Increasing Revenue & Protecting Public Health During the COVID-19 Pandemic

The World Health Organization (WHO) says that tobacco use claims about eight million lives a year. Credit: WHO

By Hana Ross and Sophapan Ratanachena-McWhortor
CAPETOWN / BANGKOK, Aug 2 2021 – The COVID-19 pandemic has taken its toll on millions of families and damaged the economy of countries around the globe.

Rich countries with higher vaccination rates have opened up their economy ahead of poor countries that are still struggling to fight the pandemic.

Yet, there is a simple recipe to boost the population’s health and increase revenue to pay for vaccines and economic recovery. This simple recipe calls for just one ingredient – the implementation of evidence-based tobacco tax policy.

According to the World Health Organization (WHO), tax and price measures are the most effective means to reduce the demand for tobacco which in in turn will save lives, reduce government expenditures on healthcare, and increase tax revenue.

Smoking is now a recognized risk factor for severe COVID-19 outcomes. Therefore, countries with high smoking prevalence such as Indonesia and Vietnam are quite vulnerable during the pandemic.

Many low- and middle-income countries (LMICs) struggle to reduce their persistently high level of tobacco use while spending a significant amount of their healthcare budget on tobacco-related diseases.

These preventable expenditures along with pandemic-related expenses are putting the Ministries of Finance in a quandary.

ASEAN countries are lagging behind in terms of using tobacco taxes to curb tobacco use even though some countries like the Philippines have made significant progress in recent years.

Most ASEAN countries lack a long-term tax policy plan and neither review nor update their policies according to their fiscal and public health targets. The main obstacles to effective tobacco tax policies include complex tax structures, small tax changes that fail to decrease affordability of tobacco use, and weak tax administration.

Credit: Southeast Asia Tobacco Control Alliance (SEATCA)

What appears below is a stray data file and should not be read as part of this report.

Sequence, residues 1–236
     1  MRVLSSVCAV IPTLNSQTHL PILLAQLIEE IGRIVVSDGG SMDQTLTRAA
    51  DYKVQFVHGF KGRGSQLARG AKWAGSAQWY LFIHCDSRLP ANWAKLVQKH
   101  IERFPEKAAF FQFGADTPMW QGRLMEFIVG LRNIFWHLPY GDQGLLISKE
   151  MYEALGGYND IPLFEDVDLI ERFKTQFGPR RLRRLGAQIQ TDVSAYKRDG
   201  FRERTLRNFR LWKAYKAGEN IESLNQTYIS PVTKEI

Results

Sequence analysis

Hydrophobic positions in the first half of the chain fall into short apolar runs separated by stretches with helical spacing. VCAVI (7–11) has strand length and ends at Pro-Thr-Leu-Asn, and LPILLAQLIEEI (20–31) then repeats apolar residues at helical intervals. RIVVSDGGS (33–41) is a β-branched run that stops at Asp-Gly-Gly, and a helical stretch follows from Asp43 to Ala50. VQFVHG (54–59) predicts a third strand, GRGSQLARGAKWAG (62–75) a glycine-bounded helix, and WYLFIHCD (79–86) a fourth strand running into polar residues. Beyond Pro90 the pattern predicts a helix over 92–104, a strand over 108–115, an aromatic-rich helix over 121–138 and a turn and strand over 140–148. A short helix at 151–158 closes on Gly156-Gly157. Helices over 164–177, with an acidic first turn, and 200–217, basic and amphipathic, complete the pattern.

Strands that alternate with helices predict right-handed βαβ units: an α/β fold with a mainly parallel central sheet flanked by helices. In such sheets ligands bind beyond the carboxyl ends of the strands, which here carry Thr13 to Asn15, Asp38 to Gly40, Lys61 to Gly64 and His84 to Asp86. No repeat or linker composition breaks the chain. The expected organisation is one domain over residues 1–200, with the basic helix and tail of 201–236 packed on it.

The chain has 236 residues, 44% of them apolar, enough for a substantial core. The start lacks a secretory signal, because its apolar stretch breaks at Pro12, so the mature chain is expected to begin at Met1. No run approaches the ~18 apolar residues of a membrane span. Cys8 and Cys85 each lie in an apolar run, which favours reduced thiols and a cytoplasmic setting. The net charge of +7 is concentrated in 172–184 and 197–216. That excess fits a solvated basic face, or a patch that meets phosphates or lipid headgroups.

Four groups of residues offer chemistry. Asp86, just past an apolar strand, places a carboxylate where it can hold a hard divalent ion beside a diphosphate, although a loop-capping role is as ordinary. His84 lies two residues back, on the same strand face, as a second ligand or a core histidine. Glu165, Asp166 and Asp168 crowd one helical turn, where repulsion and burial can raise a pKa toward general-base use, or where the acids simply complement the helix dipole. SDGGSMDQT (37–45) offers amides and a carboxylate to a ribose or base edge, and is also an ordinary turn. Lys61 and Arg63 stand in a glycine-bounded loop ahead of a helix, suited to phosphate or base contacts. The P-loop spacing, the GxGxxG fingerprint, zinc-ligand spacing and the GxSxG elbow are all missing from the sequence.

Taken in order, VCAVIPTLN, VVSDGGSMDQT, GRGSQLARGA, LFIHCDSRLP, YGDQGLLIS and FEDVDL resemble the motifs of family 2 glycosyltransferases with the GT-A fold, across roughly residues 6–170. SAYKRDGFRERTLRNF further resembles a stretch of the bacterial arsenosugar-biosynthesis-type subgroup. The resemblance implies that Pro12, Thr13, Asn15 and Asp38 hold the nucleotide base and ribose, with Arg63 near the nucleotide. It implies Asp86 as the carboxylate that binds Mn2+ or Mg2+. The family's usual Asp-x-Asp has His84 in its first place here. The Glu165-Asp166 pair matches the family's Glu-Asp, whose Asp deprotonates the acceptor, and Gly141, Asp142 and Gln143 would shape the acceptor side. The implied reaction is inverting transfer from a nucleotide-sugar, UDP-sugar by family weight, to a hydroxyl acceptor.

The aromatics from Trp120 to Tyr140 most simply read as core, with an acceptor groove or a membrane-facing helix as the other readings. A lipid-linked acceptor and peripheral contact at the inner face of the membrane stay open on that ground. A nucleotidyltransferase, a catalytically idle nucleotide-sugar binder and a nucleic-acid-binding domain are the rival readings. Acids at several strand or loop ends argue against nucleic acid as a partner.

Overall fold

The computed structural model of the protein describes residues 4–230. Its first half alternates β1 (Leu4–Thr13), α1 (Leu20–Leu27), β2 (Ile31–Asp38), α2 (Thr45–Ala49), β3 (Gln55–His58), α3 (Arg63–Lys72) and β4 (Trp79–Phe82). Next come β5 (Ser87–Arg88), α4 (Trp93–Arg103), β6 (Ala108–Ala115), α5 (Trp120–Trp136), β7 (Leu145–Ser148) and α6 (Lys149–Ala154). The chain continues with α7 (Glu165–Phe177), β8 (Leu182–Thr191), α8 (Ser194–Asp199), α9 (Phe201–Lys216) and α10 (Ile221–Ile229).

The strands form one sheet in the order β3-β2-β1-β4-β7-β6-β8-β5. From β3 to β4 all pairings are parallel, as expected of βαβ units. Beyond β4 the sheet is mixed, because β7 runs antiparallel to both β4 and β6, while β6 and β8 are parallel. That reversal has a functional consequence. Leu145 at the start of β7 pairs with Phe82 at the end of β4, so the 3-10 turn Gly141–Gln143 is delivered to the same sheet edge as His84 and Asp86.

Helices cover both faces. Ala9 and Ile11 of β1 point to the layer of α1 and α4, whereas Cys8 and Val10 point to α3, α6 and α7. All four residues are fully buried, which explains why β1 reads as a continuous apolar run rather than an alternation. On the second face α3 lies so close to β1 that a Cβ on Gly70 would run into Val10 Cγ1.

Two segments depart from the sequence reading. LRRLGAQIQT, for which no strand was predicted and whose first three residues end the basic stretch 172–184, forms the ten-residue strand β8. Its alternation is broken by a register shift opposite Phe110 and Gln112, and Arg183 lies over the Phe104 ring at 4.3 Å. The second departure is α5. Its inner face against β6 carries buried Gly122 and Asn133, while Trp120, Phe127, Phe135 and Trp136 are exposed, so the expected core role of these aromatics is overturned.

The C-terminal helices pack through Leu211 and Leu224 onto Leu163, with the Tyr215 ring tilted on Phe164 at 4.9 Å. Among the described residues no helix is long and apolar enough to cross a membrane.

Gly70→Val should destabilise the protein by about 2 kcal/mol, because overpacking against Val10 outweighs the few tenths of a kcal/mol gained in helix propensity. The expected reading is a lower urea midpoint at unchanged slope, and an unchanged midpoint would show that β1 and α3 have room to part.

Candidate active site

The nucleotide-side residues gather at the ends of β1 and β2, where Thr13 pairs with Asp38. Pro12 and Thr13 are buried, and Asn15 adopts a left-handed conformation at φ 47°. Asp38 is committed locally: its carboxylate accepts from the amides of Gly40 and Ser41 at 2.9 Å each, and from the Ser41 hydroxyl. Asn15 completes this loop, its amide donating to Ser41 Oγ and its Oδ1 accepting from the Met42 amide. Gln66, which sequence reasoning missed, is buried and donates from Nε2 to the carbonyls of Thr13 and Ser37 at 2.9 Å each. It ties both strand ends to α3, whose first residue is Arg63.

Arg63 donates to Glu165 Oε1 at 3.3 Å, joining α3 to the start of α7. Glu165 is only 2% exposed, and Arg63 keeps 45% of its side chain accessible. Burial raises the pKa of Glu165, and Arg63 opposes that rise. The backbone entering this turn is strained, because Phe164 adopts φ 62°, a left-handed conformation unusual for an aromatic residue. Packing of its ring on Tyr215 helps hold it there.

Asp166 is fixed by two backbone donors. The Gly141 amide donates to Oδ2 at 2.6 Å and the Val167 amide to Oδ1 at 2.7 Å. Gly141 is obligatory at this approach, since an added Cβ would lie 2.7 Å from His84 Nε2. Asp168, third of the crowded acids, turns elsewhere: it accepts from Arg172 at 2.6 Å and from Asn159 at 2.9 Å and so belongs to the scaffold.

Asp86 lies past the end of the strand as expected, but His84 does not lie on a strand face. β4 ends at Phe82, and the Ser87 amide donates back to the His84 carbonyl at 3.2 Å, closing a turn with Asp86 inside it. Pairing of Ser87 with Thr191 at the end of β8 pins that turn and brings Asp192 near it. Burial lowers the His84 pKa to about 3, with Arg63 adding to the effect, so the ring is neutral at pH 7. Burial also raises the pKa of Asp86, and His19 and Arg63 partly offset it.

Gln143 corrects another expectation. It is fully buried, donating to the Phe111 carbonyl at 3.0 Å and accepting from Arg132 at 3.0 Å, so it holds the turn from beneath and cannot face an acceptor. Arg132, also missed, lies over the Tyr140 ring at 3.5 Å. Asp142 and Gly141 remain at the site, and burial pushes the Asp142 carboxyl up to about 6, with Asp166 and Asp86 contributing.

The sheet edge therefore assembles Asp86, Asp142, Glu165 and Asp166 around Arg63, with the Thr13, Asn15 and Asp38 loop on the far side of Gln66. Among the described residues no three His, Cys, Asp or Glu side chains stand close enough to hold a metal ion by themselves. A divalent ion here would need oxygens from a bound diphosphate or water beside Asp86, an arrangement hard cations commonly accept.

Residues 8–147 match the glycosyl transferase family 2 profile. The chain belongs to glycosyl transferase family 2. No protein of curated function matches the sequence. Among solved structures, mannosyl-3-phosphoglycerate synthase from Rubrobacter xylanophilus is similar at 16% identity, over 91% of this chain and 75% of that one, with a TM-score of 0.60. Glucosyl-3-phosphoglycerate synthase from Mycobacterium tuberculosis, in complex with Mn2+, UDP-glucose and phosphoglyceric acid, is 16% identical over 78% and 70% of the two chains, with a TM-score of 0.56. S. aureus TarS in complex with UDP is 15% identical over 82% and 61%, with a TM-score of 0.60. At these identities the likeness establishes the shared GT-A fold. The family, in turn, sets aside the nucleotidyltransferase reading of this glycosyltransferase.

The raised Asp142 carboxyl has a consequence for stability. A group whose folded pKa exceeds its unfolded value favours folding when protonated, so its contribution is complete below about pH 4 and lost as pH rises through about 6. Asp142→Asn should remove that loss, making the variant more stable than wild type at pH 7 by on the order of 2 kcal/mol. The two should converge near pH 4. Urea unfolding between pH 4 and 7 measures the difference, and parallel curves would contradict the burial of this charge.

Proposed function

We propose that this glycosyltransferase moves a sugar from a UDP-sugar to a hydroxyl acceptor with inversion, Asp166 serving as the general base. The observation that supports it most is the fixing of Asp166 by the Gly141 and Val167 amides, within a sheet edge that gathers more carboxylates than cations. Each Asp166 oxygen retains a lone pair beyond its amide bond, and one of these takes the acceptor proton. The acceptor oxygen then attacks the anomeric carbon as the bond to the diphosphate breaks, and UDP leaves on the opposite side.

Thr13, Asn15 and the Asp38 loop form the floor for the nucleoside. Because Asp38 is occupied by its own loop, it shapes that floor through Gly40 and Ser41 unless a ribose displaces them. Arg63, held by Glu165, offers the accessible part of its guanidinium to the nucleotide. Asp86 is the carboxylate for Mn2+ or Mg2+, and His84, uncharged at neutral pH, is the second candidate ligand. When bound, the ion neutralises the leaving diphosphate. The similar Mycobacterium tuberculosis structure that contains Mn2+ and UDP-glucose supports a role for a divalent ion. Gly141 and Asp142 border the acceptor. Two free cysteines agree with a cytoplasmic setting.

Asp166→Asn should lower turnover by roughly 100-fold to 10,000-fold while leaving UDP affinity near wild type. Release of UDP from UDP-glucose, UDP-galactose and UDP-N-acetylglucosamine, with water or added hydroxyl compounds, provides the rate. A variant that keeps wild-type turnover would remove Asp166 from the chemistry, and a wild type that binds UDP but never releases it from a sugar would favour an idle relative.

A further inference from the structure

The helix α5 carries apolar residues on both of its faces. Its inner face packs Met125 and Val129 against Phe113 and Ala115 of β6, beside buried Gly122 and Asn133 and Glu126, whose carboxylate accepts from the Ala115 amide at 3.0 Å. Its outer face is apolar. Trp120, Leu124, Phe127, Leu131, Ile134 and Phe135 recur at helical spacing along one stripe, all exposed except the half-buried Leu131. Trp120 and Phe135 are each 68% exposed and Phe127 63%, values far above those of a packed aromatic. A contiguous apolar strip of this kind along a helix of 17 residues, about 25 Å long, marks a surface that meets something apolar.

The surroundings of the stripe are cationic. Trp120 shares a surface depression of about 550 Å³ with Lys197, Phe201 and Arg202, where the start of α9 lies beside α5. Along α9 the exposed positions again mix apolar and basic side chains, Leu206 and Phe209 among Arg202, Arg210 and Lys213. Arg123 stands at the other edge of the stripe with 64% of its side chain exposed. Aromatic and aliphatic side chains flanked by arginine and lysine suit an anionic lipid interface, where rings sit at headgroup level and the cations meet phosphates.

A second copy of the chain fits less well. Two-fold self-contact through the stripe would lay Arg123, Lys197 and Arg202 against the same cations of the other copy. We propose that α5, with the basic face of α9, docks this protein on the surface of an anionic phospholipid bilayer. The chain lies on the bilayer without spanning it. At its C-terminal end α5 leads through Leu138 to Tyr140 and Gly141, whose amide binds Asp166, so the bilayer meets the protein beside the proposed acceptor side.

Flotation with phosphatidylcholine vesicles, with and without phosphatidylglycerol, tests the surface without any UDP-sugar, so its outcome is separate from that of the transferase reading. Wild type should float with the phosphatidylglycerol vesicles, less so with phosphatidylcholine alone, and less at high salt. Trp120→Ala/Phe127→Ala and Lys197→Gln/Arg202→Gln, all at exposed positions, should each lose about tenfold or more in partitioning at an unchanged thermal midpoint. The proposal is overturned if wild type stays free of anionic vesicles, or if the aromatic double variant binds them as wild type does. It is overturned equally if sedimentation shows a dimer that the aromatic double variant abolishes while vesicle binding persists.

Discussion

These obstacles are perpetuated by the tobacco industry’s interference. Transnational tobacco companies routinely target LMICs to increase their profits and made special efforts to ensure that their customers kept smoking throughout the pandemic.

In the ASEAN region, home to 122 million smokers, the tobacco industry is thwarting tax increases to keep cigarette prices low, obtaining delays in paying taxes, offering promotions to customers and providing charitable contributions to resource-starved governments to earn political favors.

A 2020 survey by the Southeast Asia Tobacco Control Alliance (SEATCA) in seven countries (Cambodia, Indonesia, Lao PDR, Myanmar, Philippines, Thailand, and Vietnam) revealed tobacco industry interference to be one of the key obstacles in achieving higher excise tax revenue across the region.

The industry publicizes exaggerated illicit trade data, falsely predicts economic disasters, and co-opts high profile allies to discourage tax increases. Policymakers and politicians need to be aware of these industry efforts and protect the public interest from industry interference.

A recent SEATCA study in four ASEAN countries (Cambodia, Indonesia, Myanmar, and Vietnam) revealed that governments are missing out on collecting a substantial amount of tobacco tax revenue as a result of failure to raise tobacco taxes to recommended levels, simplify complex tax structures, and/or remove tax benefits to tobacco companies.

The study highlighted that 1.3 million premature deaths could have been prevented and an additional USD 4.81 billion tax revenue could have been collected in the last two years had their governments implemented effective tobacco tax policy.

Lao PDR is also missing out on tax revenue due to an unfair joint venture between the government and cigarette manufacturers which resulted in the tobacco companies not paying their fair share of tax and their refusal to provide their mandatory contribution to the Tobacco Control Fund (TCF) established seven years ago.

As a result, the Lao government has lost excise tax revenue in excess of USD 142.9 million from 2002-2019 and TCF revenue of USD 18 million from 2014 – 2019.

Tobacco tax policy is a low-cost tool that governments can use to achieve sustainable revenue for health and social development. This could greatly help during the pandemic to pay for vaccinations and therapeutics in the fight against COVID-19.

LMICs in search of revenue to balance their pandemic-related financial and economic losses should prioritize tobacco tax policy as a public health intervention, because it has the potential of both saving lives and generating substantial revenue.

Dr Hana Ross is the Principal Research Officer of Research on Economics for Excisable Products (REEP), at the University of Cape Town, South Africa & Sophapan Ratanachena-McWhortor is the Tobacco Tax Program Manager for SEATCA

 


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